Some say timing is everything and author Jason Rosenthal may now agree. His memoir, My Wife Said You May Want to Marry Me, a book primarily about losing his wife Amy Krouse Rosenthal to cancer, was released April 21 as the world was home sheltering in place.
“I’m not sure I’d call this perfect timing,” says Rosenthal whose promotional book tour had been canceled, as well all of the celebratory events surrounding it. “But it is interesting that my book came out at a time when so many people are experiencing some type of a loss—whether it be the loss of a loved one or the loss of a job, whatever it may be—loss is loss. And that’s much of what my book talks about.”
Rosenthal was catapulted into the spotlight by his wife—famous children’s author and former Lake Forester Amy Krouse Rosenthal—when three years ago she wrote a love letter to her husband as she battled through her final days with ovarian cancer. It ran as a New York Times “Modern Love” column, under the headline, “You May Want to Marry My Husband.” It was a personal ad, of sorts, for a potential suitor for her husband.
“I have been married to the most extraordinary man for 26 years,” she wrote. “I was planning on another 26 together … If he sounds like a prince and our relationship seems like fairy tale, it’s not too far off, except for the all of the regular stuff that comes from two and a half decades or playing house together. And the part about me getting cancer. Blech … I am wrapping this up on Valentine’s Day, and the most genuine, non-vase-oriented gift I can hope for is that the right person reads this, finds Jason, and another love story begins.”
To no one’s surprise, this selfless love story went viral. More than five million people from around the world read it. Yet Amy never knew of all of the lives she touched as she passed away at home in hospice care, 10 days after it was published, on March 13, 2017.
“Those days and weeks after Amy died were all a bit of a fog,” Rosenthal says. “She died so soon after the story came out that there wasn’t much time to absorb what was happening.” Instead, Rosenthal turned his attentions inward and focused on his three children with Amy—Justin, Miles, and Paris—and their healing in the aftermath. He also remained very close to Amy’s parents who still lived in Lake Forest at the time. “We spent many Sundays with the kids traveling the 26 miles between our house and the Krouses where we would spend the day with Amy’s siblings, spouses, and children,” he remembers. “Family was everything and is everything. We have an incredible network of family and friends—mine included—that got us through those dark first days.”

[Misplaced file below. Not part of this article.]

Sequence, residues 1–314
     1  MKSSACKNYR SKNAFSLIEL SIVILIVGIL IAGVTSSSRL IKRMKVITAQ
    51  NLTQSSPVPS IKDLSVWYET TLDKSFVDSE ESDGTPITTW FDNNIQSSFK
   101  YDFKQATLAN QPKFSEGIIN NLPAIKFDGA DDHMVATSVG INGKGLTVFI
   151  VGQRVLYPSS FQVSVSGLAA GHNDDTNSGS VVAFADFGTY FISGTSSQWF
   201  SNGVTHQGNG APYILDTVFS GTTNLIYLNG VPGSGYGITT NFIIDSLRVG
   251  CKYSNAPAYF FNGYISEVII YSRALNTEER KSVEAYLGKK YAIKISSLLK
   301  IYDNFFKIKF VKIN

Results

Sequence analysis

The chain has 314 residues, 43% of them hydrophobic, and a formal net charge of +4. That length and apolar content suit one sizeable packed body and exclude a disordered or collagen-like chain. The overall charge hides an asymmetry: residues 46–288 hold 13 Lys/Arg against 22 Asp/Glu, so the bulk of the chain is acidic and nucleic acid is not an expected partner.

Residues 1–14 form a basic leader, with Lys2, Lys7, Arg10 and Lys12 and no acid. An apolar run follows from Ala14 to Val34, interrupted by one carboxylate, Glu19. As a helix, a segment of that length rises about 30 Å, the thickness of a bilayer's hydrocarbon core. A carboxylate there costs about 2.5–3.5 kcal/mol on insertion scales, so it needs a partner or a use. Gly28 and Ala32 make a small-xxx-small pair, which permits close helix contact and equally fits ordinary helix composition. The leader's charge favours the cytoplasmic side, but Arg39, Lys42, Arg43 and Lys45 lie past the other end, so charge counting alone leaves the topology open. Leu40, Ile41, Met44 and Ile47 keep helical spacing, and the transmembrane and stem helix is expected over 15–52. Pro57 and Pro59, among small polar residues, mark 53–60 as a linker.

But Amy’s New York Times piece elevated Rosenthal to a very public stage and to being “that husband,” he says. “I went from being an attorney living a quiet life to someone the world could turn to for advice on grief.”
A year after Amy’s death, Rosenthal delivered his first TED Talk on loss. “I think I was surprised at how much my story connected with people,” he explains. “That’s when I realized that it doesn’t matter what kind of loss it is to feel grief, loss is loss. I was able to tell people that you can be in the worst depths of grief, in a serious period of loss, and still come out on the other side. It will pass.”
Rosenthal’s TED Talk set the foundation for his memoir, My Wife Said You May Want to Marry Me.
“I think subconsciously I had been thinking about taking a step back from my law and real estate career for a while,” he says. “Writing this book really became a full-time job and gave me a good excuse to evaluate what I was doing with my life and where I was spending my time.” In addition to writing, Rosenthal set up a foundation in Amy’s name, funding ovarian cancer research and children’s literacy, an organization he oversees from the dream home he built with his wife in Chicago, close to Wrigley Field.
A story with Rosenthal would be incomplete without knowing if his wife’s plea for a love match for her husband had been made. And while he provides no details, he confirms that he is indeed in a relationship.
When asked if writing his memoir is the end of one chapter or the beginning of another, it’s the only time Rosenthal hesitates to answer. “Amy gave me permission very publicly, in a way only she could, to find happiness again. So, I don’t know. It’s definitely a new chapter and one where I’m open to see what comes.”
Jason Rosenthal’s My Wife Said You May Want to Marry Me: A Memoir is available at the Lake Forest Book Store, lakeforestbookstore.com.